I came across these couple of pictures of the 1951 flood out towards Jondaryan, and they got me thinking; growing up out west on a station, some of the most unforgettable memories are of the extreme weather events. Droughts when we had to bathe in creek water because tank water was for cooking and drinking only, or floods when we took a dingy to the top of the dam bank for a picnic because it was the only high ground to be seen. Well, with the wild weather we’ve been having around the state this week I thought I’d have a look at some of the flooding photos we have in our collection.
Interesting to note is that following the 1950-1951 flood, a severe dry spell set in. Low rainfall, cold winters, grass fires and bushfires caused one of the worst droughts in Queensland. Heavy losses occurred in the pastoral and dairying industries, with some of the worst affected parts being the southern coast to Port Curtis and the tropical interior. Crop and dairy production were the lowest since 1926. These conditions continued until April 1952. Another short period of dry weather followed in some areas in 1953. By January 1954 the drought extended from the Gulf of Carpentaria to the Darling Downs and west to the border of South Australia.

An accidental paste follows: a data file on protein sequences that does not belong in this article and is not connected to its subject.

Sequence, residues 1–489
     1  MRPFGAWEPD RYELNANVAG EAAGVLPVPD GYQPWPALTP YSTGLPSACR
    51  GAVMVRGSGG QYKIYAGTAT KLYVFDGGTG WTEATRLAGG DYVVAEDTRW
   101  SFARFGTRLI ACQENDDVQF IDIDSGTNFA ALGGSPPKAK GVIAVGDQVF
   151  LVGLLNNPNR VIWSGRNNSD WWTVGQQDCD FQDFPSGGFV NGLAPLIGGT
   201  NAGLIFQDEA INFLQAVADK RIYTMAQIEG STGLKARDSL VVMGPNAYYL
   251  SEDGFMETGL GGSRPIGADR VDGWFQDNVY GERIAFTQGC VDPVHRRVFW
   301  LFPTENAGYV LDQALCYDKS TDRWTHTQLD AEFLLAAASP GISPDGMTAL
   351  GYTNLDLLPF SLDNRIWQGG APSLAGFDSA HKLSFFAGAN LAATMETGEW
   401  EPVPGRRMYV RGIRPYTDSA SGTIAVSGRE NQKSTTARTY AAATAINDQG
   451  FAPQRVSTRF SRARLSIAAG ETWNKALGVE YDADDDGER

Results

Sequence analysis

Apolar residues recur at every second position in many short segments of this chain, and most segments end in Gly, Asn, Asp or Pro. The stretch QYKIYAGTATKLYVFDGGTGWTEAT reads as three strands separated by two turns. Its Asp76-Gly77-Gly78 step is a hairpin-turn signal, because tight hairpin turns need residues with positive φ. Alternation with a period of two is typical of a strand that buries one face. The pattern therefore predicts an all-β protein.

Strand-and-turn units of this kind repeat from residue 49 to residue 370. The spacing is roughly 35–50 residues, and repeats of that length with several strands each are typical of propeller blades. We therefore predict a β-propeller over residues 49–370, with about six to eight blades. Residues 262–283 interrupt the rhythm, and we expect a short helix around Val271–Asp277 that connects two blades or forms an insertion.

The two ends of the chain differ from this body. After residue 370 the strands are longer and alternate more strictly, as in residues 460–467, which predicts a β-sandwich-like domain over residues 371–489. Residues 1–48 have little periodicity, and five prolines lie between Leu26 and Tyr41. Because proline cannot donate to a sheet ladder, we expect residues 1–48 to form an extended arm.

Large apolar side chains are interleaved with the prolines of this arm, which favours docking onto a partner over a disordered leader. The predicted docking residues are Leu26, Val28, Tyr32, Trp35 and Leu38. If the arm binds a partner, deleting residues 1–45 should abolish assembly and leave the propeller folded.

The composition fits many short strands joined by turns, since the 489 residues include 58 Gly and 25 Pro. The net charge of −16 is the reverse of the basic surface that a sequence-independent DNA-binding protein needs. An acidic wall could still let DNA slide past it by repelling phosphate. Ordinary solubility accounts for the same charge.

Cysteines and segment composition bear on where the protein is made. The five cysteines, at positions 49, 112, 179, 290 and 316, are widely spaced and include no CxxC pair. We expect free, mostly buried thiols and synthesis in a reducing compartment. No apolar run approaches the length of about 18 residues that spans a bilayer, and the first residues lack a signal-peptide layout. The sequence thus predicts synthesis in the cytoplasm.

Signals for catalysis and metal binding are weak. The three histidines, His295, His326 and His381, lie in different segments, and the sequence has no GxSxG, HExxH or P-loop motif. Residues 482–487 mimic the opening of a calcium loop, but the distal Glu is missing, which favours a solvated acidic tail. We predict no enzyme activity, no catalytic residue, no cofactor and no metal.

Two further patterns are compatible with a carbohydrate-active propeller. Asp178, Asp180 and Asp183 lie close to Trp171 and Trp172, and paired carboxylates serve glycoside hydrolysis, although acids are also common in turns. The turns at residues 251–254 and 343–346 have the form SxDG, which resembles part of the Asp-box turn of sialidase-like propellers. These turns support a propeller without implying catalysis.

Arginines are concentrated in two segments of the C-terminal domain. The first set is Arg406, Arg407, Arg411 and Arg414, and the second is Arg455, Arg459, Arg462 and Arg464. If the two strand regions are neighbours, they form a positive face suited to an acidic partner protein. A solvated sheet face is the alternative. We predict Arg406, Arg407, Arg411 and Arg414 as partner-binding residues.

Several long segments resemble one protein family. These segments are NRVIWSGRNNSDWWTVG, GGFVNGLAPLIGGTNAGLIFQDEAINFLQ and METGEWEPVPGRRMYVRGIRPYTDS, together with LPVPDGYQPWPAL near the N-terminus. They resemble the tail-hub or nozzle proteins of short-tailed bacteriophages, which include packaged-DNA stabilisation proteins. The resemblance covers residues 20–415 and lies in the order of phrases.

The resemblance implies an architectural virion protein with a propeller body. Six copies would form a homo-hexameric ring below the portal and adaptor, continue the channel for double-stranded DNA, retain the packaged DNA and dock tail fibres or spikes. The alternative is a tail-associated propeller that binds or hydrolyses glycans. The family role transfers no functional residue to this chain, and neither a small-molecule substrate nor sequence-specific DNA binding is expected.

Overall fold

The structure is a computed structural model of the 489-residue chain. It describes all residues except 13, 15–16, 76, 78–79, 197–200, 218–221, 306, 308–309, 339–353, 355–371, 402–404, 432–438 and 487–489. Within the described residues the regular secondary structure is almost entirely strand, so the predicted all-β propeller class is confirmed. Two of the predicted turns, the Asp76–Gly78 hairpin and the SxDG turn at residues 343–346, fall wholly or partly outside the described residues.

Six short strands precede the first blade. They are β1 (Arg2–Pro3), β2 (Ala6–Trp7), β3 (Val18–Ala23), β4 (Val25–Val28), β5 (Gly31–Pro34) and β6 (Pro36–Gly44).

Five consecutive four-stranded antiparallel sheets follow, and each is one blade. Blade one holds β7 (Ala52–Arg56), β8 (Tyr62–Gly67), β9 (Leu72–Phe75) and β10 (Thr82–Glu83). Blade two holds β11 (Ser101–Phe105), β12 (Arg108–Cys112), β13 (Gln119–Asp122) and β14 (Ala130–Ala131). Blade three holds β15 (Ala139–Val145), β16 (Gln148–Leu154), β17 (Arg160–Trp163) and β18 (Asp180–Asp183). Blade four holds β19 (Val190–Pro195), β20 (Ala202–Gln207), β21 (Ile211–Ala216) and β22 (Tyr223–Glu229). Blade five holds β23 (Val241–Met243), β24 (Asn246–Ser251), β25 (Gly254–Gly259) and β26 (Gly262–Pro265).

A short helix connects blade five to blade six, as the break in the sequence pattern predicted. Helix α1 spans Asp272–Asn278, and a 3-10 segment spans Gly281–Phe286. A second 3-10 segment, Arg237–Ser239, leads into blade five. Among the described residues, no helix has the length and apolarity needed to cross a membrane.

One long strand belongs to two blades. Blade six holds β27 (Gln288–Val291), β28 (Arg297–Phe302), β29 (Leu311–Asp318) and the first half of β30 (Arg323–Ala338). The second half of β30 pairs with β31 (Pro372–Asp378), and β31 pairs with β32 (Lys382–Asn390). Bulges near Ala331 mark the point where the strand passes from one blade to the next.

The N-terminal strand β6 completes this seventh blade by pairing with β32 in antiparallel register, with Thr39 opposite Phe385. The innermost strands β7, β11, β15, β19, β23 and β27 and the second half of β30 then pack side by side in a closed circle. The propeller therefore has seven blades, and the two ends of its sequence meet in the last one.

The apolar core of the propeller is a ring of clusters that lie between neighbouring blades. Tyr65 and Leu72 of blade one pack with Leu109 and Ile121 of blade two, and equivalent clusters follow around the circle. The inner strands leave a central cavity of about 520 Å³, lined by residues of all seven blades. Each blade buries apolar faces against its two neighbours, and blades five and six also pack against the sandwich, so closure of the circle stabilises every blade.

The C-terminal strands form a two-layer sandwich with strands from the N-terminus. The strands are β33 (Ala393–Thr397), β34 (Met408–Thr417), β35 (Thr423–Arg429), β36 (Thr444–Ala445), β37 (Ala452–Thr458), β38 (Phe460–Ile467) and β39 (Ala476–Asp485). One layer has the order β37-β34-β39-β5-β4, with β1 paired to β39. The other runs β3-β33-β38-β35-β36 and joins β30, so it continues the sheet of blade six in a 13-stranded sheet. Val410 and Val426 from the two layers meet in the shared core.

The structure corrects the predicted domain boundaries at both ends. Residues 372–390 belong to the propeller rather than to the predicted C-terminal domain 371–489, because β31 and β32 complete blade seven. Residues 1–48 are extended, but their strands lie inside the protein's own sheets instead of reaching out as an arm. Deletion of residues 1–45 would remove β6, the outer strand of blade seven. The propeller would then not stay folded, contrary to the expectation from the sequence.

And as is so often the case, we go from one extreme to the other. The 1955 floods were a result of state wide unseasonable rains at the end of May that caused a number of river systems to flood. Some areas reported totals of up to 800mm over 3 days and extensive low level flooding necessitated the evacuation of a large number of homes. There were two reported deaths. Out at “Broxbourne”, located in the Norwin area, there were only two small islands of “dry” earth on the whole 1000 acres, after 11 inches (280mm) had fallen in the hills at Irongate.